QPQG GO OGOOQQQQQQ ooooooooooooooooooooooooooog
E 'lfflooffey 3
1' 4 ,
0 f , . -.. 0
0 J -A1944-Z 704.44 IM xtfn-Q f '14 Q ad 2
o , , 0
. . O
2 gift W' ' .K C, 70-Cefv-4.3 . 2
0 , i 0
0 J 5' CI., O
2: 7 0
0 . 0
2 Compliments of 3
O O O O
5 I-llgglnhothem Brothers 84 Co. 3
0 A 0
2 1 ' 3
3 ' 3
2 Sv E
2 gooooooooooooooooooooooo oooyoooooooog
0 gui? quo 0 ' O
o ' o 0
2 Martha Jane Oxford: What posi n does 3 Fakey's -report card looks like the mi - 2
O your brother play on the team? 4, night-to-morn temperature readings on a 9
o H O cold winter day. 3
0 Betty Brown: A sort of crouched, bent 0 O
3 positiony 3 M' R ll "F h t h Ph O
o o iss usse : or w a were t e oe- 0
2 nicians famous?" Z
0 A man received the following communi- Q Frank Qvel-by: ffglindsjf o
2 cation from his tailor: "Dear Sir: With 2 2
4, reference to the coat we are making for O y U 0
o you, please call tomorrow and have a fit." 0 D0Ct0.1' to Marshall? UUTS91 . Ask 0
3 2 the accident victim what h1S name is, so Z
0 . 0 we can notify his family." 4,
2 D0 YOU have 21 Paper CUP 2 Nurse fa few minutes laterjz "He says O
Q How many minutes till the bell? Q his family knows his name." 3
3 Z Q
0 2 3
o o 0
Q Q O
o o 0
0 PAUL MARR ' O
0 O YOUR PATRONAGE APPRECIATED 2 AGENT ' Z 0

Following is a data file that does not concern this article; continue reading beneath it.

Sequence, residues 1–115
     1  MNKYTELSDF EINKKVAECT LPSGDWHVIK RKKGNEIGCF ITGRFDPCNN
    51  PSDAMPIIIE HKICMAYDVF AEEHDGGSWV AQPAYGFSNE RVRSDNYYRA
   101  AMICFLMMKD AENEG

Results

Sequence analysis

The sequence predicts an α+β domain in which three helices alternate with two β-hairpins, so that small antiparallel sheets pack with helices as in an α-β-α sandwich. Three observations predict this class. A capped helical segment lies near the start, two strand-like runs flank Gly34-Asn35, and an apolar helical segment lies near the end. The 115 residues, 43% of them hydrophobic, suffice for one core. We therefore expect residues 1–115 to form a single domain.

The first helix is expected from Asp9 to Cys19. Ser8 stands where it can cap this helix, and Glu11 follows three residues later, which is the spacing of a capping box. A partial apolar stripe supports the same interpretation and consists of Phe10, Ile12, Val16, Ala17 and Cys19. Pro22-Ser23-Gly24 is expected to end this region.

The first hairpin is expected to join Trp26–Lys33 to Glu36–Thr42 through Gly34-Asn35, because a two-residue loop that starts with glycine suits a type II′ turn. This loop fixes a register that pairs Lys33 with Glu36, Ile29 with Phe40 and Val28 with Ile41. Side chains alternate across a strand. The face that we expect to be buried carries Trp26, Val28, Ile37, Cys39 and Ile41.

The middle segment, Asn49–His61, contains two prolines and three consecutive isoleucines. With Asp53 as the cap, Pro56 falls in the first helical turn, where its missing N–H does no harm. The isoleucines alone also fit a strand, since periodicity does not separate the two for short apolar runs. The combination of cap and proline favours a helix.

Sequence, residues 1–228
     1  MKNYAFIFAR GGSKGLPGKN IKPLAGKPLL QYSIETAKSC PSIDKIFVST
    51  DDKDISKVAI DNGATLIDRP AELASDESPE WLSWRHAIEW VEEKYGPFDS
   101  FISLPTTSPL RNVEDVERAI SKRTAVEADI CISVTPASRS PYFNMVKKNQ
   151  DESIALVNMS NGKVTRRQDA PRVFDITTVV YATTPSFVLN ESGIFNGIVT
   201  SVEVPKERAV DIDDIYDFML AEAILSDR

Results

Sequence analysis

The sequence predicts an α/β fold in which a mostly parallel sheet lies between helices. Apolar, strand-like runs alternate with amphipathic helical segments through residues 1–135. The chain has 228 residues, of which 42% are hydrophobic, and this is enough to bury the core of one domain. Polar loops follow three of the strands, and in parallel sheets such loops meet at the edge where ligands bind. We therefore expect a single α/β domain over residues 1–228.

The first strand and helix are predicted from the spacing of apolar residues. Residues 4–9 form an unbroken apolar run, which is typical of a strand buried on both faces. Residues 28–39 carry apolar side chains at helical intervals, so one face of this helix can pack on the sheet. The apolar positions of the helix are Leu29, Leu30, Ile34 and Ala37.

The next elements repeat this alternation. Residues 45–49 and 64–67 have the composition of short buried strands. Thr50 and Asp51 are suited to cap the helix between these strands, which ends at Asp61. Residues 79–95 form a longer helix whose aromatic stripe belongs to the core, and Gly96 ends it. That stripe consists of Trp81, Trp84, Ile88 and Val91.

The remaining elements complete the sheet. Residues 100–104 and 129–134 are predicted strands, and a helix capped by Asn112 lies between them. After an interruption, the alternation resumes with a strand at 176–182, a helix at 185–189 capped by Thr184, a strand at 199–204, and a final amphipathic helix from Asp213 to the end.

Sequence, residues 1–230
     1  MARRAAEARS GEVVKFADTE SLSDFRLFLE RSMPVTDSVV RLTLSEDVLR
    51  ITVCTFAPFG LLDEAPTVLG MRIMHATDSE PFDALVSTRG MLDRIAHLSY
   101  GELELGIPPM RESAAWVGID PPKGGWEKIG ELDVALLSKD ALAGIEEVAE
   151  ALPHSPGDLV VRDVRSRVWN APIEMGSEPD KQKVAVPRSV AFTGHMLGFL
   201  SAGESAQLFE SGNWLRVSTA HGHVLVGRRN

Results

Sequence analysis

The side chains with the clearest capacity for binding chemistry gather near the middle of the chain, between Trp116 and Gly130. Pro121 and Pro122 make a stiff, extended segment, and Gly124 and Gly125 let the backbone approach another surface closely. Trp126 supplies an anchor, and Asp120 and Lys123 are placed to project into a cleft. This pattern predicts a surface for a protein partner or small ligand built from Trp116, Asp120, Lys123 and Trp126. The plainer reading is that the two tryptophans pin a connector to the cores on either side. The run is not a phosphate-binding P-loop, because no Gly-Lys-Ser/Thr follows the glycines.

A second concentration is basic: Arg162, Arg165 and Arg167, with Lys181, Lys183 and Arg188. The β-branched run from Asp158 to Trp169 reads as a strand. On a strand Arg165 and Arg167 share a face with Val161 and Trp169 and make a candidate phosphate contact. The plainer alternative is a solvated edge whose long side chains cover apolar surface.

o o 0
o SINCLAIR REFINING COMPANY o 3
0 CAWYER DRUG CO.
0 ++ O Z
3 2 "Nui Sed" O
- , o
2 Qualzty Products 3
2 CANNOT BE SUBSTITUTED E
O 0 A 0
3 PHONE 98 2 PHONE 71 WE DELIVER 2
o o 0
o o O
o o O
D 2 , 2
3 Compllments of 3
3 D P B it l ' l 3
3 r. qaper 0 mg ompany 3
2 - O
o ' O
3 Dublln, Texas ij:
g 9000O949 049 496X9Q 0
O 0 0
O 0 0
is 3 so e BAXTER 8z CO. 3 KING 8z BRAEUER 3
Z Our Prices are Al-ways the Lowest 2 +++ Z
0 0 0
0 0 0
3 Always New Fresh Goods 3 Insurance AbSiraCiS 3
O 0 0
O 0 0
2 Same goods for less money. 2 Loans 2
2 More goods for same money. 22 +++ o .
0 Q o
E BaXter,S and Save E STEPHENVILLE, TEXAS 2
3 3 Z
04949 4949 4906
o o o
E GoaD Ord Simmartane 3 Walter: UAW YOU HUUga1'Y?" 0
O ' , 11 ' rx 0
3 My tYpist is on her vacation, O C' R' Mam' Yes' Slam' 2
3 My typist's awau fpr a week 3 ,Waite1:,: "Den Russian to the table and Z
o My typudt us in her vacation Q IH FIJI- 3,
0 . .
o Wglle thee keys PISY hude and Seel- 2 C. R.: "All'1'ght, Sweden my coffee and 3
3 2 Denmark my bill." 3
2 Chorus o o
0 vB1'en bock, hitting byck 3 Dorothy Evans: "I can't decide whether 3
2 Oy, brung becj mub Onnie ti my tp, mrg 2 to go to a palmist or to a mind-reader." 2
3 Bfinf b4Xj, beong bicz X Betty Ann A.: "Go to a palmist. It's ob- O
3 Oj, bvong bosk mfk belnio-1 mx-oh nots! 3 vious that you have a palm." 3
o o o
3 QX9OOQXi' O49649Q9 OG49 494900496 E
0 0 W O
o o L 3
2 oans o
3 3 2
3 3 Insurance 3
o o 0
o . 0 Q
o 0 0
0 HOTEL LO G O H 0
X 3 3
3 2 E L L I S o o Q
3 3 INSURANCE AGENCY 3
0 0 OREN H. ELLIS 3
o o 0
2 3 Z
- 77 Y gs f
'Q I I F
FRONI THE HANDS OF
VW Qi 5 TS W N
. ffAf eP21Eu+zw' PM
""NGQ rom worm-l,TExAs
ENROLLMENT FOR 1940-1941gQ
L . I NEL
ANDEJ1gg6NEvfY1ARREN ' ASSLER'
y -' OTHYIRENE
R NG BETH .I , A . A .'m.A..
K REFQRB, ANNETT'
, Mm , , M n ,